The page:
The Apple+ series For All Mankind is absolutely first-rate science fiction with a simple but powerful premise: what if the space race between the United States and the U.S.S.R. had never ended? Starting with a stark divergence point in 1969, the first two seasons chart a profoundly different historical course for humanity’s efforts to conquer space through the seventies and into the eighties. In the process, it examines how such scientific endeavors, and the sense of wonder that fueled them, might have reshaped the world politically and sociologically.
It opens with a captivating hook: all across the United States, shellshocked Americans tune in to watch TV coverage of the first lunar landing. But in this alternate timeline, it’s the Russians who make history — much to the chagrin of proud Americans everywhere, including NASA astronauts Ed Baldwin (Joel Kinnaman) and Gordon “Gordo” Stevens (Michael Dorman), who could practically taste the surface of the moon on their most recent test flight. The Russians’ moon landing victory, however, does have a silver lining, triggering the nation’s competitive streak and accelerating its own space program in an effort to keep up. These efforts quickly bear fruit with a harrowing but successful American moon landing, but not long thereafter the Russians up the ante, promptly placing the first woman on the moon. This prompts NASA to respond in kind, re-launching a previously abandoned female astronaut training program which quickly ensnares Gordo’s wife Tracy (Sarah Jones).
For All Mankind is, first and foremost, utterly gripping television drama. Virtually every episode is an intense and compelling mix of politics, interpersonal conflict, and realistic, high-stakes adventure. The cast bringing this all to life — anchored by Kinnaman, Dorman, and Jones, but also including Shantel Vansanten, Jodi Balfour, Wrenn Schmidt, Sonya Walger, Krys Marshall, Chris Bauer, and on and on — is exceptional. And that’s before you even consider the show’s science fictional content, which is a fascinating blend of alternate history details and period re-imaginings of the NASA space program, which in this timeline advances at a slightly different pace, pushed to new extremes by its more urgent rivalry with the U.S.S.R. One of the more impressive aspects of this is the accelerated pace of change for gender politics, caused by the rise to prominence of NASA’s female astronauts (in particular the characters played by Jones, Walger, Balfour, Marshall) whose exploits influence the wider world and reshape the feel of the eras depicted. Somehow, For All Mankind delivers impressive period verisimilitude even as it subtly mutates its era. The vision, while definitely more progressive, is convincingly of its time, adding an intriguing speculative layer to its surface conflicts.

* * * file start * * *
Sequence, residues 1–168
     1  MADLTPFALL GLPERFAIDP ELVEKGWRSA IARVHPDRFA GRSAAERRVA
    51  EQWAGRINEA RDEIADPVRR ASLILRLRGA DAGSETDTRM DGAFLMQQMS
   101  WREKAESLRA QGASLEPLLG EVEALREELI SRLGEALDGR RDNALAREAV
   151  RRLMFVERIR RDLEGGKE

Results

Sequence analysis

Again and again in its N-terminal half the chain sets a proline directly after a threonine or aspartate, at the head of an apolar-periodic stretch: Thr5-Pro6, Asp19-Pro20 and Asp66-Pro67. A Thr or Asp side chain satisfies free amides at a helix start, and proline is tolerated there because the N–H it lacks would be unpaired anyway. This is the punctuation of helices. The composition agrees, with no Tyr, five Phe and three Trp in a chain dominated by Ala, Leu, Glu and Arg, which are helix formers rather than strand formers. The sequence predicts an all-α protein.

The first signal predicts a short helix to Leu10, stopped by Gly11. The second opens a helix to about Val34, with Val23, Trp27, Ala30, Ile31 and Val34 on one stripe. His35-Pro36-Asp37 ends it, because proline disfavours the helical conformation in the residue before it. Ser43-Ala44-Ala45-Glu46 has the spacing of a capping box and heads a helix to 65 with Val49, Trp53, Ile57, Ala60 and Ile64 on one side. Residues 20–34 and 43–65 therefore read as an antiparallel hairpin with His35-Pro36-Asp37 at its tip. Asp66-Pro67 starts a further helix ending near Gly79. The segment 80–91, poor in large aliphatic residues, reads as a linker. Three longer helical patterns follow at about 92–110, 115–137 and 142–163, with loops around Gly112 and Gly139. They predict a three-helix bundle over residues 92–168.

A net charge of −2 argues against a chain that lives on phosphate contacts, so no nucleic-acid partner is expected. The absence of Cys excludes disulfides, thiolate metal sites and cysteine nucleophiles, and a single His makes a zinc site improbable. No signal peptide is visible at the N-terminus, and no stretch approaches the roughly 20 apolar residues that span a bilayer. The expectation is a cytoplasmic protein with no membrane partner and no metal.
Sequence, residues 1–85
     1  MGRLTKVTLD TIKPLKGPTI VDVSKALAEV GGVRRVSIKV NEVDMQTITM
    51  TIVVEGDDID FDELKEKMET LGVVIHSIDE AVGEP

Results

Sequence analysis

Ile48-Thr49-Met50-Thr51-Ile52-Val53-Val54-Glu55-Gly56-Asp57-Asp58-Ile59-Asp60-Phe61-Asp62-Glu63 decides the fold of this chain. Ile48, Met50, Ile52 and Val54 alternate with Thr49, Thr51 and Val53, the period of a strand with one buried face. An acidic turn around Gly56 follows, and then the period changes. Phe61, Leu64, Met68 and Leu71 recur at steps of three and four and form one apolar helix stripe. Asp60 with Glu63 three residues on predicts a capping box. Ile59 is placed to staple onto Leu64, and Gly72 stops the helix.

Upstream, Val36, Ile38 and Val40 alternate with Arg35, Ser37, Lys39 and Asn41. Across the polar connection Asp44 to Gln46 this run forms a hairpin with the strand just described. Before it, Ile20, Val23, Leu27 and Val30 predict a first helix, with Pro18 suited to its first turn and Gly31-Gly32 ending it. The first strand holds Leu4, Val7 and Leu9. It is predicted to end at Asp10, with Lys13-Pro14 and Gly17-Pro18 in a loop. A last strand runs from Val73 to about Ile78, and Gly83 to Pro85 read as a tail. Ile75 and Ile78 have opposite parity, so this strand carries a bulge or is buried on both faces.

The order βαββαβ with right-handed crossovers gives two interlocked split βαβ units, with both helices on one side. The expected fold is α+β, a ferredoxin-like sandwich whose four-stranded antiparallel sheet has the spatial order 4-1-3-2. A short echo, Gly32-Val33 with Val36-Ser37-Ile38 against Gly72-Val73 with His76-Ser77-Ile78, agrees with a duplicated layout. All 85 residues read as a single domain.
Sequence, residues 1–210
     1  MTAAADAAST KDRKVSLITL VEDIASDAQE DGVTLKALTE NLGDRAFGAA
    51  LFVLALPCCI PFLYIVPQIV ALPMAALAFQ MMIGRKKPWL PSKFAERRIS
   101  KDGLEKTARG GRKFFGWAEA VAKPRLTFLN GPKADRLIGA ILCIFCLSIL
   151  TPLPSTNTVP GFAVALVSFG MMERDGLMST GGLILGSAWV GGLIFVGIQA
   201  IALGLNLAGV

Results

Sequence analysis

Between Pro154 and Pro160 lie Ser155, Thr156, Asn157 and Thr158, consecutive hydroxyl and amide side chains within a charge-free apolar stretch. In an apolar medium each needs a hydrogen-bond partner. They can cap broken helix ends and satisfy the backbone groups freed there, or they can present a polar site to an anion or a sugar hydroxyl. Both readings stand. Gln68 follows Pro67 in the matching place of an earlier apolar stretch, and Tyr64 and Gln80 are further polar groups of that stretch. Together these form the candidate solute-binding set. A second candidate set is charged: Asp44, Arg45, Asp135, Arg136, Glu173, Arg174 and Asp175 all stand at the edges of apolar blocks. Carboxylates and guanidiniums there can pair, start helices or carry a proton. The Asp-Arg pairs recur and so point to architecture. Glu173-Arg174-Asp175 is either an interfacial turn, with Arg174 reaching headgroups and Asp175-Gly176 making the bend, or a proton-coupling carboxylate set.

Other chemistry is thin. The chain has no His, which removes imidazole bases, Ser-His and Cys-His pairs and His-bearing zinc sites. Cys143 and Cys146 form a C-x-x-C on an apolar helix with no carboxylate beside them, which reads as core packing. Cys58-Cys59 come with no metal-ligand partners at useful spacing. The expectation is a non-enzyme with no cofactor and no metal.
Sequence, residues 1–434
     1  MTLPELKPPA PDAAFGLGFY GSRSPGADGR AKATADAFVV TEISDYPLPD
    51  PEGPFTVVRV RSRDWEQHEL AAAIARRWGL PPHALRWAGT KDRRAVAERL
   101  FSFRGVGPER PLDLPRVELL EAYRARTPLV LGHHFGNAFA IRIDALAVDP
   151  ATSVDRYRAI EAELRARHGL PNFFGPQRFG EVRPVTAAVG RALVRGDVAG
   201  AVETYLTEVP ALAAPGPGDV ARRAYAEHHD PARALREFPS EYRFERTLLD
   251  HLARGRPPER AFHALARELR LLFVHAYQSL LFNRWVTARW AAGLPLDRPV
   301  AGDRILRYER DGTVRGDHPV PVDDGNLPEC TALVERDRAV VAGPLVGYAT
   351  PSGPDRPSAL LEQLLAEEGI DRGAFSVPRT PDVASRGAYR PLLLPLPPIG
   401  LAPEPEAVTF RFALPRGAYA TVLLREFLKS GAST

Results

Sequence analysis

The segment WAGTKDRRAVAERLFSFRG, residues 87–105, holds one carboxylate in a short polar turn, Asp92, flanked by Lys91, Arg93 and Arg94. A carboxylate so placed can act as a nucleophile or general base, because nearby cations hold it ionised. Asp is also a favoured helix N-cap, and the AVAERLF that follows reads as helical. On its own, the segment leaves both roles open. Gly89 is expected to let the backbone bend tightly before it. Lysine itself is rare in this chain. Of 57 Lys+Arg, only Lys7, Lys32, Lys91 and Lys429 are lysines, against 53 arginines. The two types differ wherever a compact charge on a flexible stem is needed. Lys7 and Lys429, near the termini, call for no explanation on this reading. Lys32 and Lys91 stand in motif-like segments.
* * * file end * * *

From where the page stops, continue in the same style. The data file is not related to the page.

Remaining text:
It would be criminal not to mention the outstanding production values that enhance the experience. Stunning special effects, particularly in its space and moon sequences, go a long way to generating the show’s awe-inspiring sense of wonder. And various production techniques really sell the scenario — everything from dramatic re-enactments of period-specific news anchors (actors portray fictional versions of Walter Kronkite, Barbara Walters, Connie Chung, and other famous historical personalities), to the vocal mimicry and deep-fake visual effects that eerily bring historical figures back to life.
Perhaps the most impressive aspect of For All Mankind, though, is its sheer ambition. In the course of two seasons, it covers nearly two decades of history, aggressively gapping time both within and in between episodes, vastly widening the scope. Somehow it accomplishes this without being jarring, and it’s a strategy that also prevents the show from falling prey to content bloat that sometimes besets prestige TV. That technique is more successfully deployed in the first season; the establishing year seems more focused on exploring the premise and truly communicating the enormous challenges and dangers of space travel. By contrast, season two orients around Cold War tensions between rival national space programs and the creeping militarization of the moon; this season feels somewhat more structurally conventional. Even so, by the end of the year it throws down the gauntlet for season three, implying a thrust toward Mars in its alternate nineties.
Overall, it’s a remarkable achievement in science fiction television, and TV in general. If you’re searching for an excuse to subscribe to Apple+, For All Mankind is the most compelling one yet; this is an astonishing show that deserves more attention.